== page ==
Traditionally, minority status has been limited to racial groups (e.g., Latinos, Asians, etc.), and Gays have been excluded from being identified — under the law — as a minority.
Our state Supreme Court hinted at giving Gays minority status in 2008, but this federal ruling specifically says “that Gays and Lesbians are a type of minority.”
All Arguments For Proposition 8 Rejected
All six arguments by Proposition 8 proponents were rejected, including (1) marriage must be only between a man and a woman, (2) go slow with social change, (3) promoting opposite-sex parenting, (4) protecting freedom of opponents of same-sex marriages, (5) treating straight and Gay couples differently, and (6) any other conceivable interest.
“Many of the purported interests by proponents are nothing more than a fear or unarticulated dislike of same-sex couples,” the ruling states.
“The evidence (at trial) shows that, by every available metric, opposite-sex couples are not better than their same-sex counterparts; instead, as partners, parents and citizens, opposite sex couples and same-sex couples are equal,” Judge Walker wrote.
The Gay and Lesbian plaintiffs’ equal protection argument said that Proposition 8 (1) “discriminates against Gay men and Lesbians by denying them a right to marry the person of their choice whereas heterosexual men and women may do so freely;” and (2) disadvantages a suspect class in preventing only Gay men and Lesbians, not heterosexuals, from marrying. In federal law, the legal phrase suspect class usually applies only to racial minorities, but now includes Gays.
“Whether based on moral disapproval, animus towards Gays and Lesbians, or simply a belief that a (straight) relationship is inherently better than a (Gay) relationship, this belief is not a proper basis (to support the Proposition 8 initiative),” the ruling says.
“Moral disapproval alone is an improper basis on which to deny rights to Gay men and Lesbians,” it states.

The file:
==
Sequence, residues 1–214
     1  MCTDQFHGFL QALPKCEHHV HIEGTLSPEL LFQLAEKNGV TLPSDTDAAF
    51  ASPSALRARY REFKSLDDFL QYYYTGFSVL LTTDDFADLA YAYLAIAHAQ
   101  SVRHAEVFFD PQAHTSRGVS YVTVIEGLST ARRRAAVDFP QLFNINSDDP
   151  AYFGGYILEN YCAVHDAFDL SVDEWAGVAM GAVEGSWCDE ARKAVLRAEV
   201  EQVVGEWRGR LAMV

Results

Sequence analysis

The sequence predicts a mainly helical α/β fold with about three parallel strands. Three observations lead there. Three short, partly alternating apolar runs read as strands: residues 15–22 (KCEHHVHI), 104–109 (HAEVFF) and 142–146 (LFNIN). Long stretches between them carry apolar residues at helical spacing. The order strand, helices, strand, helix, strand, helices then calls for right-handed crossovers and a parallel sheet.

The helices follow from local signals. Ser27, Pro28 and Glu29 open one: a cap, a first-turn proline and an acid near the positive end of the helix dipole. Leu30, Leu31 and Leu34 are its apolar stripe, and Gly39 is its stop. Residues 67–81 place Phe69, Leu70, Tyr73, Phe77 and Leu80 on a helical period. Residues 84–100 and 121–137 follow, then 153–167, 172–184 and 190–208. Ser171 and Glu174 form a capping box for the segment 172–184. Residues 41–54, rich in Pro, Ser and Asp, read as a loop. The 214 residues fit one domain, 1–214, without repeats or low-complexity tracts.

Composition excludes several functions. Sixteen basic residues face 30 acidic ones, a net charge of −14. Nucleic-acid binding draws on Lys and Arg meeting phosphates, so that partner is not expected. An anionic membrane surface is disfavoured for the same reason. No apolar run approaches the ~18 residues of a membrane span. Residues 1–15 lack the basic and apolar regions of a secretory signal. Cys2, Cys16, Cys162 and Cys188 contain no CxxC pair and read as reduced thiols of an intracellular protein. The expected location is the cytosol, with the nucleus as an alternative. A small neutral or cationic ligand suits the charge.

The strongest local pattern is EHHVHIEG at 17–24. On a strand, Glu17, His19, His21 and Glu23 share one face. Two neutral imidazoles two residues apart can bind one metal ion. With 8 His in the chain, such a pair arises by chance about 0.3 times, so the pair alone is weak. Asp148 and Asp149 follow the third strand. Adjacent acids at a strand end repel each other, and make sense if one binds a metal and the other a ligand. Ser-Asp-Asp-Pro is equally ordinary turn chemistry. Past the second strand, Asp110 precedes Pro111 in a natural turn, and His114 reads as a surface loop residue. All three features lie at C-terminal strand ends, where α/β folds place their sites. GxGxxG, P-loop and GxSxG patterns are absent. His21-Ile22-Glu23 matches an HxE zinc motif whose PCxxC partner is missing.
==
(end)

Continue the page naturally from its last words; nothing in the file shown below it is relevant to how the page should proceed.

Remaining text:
Eighty Findings of Fact
In remarkable work in the judicial craft, Judge Walker carefully cast in stone numerous statements of basic civil rights for Gays by writing them into 80 separate facts in 55 pages of “Findings of Fact” in the ruling.
When a case goes up on appeal, the appellate courts generally accept the facts as established by the trial court, and look only for errors of law. The federal Ninth Circuit Court of Appeals in San Francisco will not hold a second trial and re-try the facts of this case on appeal.
“Because California has no interest in discriminating against Gay men and Lesbians, and because Proposition 8 prevents California from fulfilling its constitutional obligation to provide marriages on an equal basis, the Court concludes that Proposition 8 is unconstitutional,” Judge Walker ruled.
Until this learned Opinion by Judge Walker, Gays did not have any rights in the federal law based on sexual orientation.
The case stops if the Ninth Circuit Court of Appeal in San Francisco agrees with him and concludes that the Proposition 8 proponents have no right to appeal because of their limited role as intervenors in the trial court, rather than parties to the case.
In that situation, it may not go to the U.S. Supreme Court — except possibly for the limited purpose of reviewing the Ninth Circuit’s refusal to hear the case.
Contact writer Leo E. Laurence, J.D. at (619) 757-4909 or email@example.com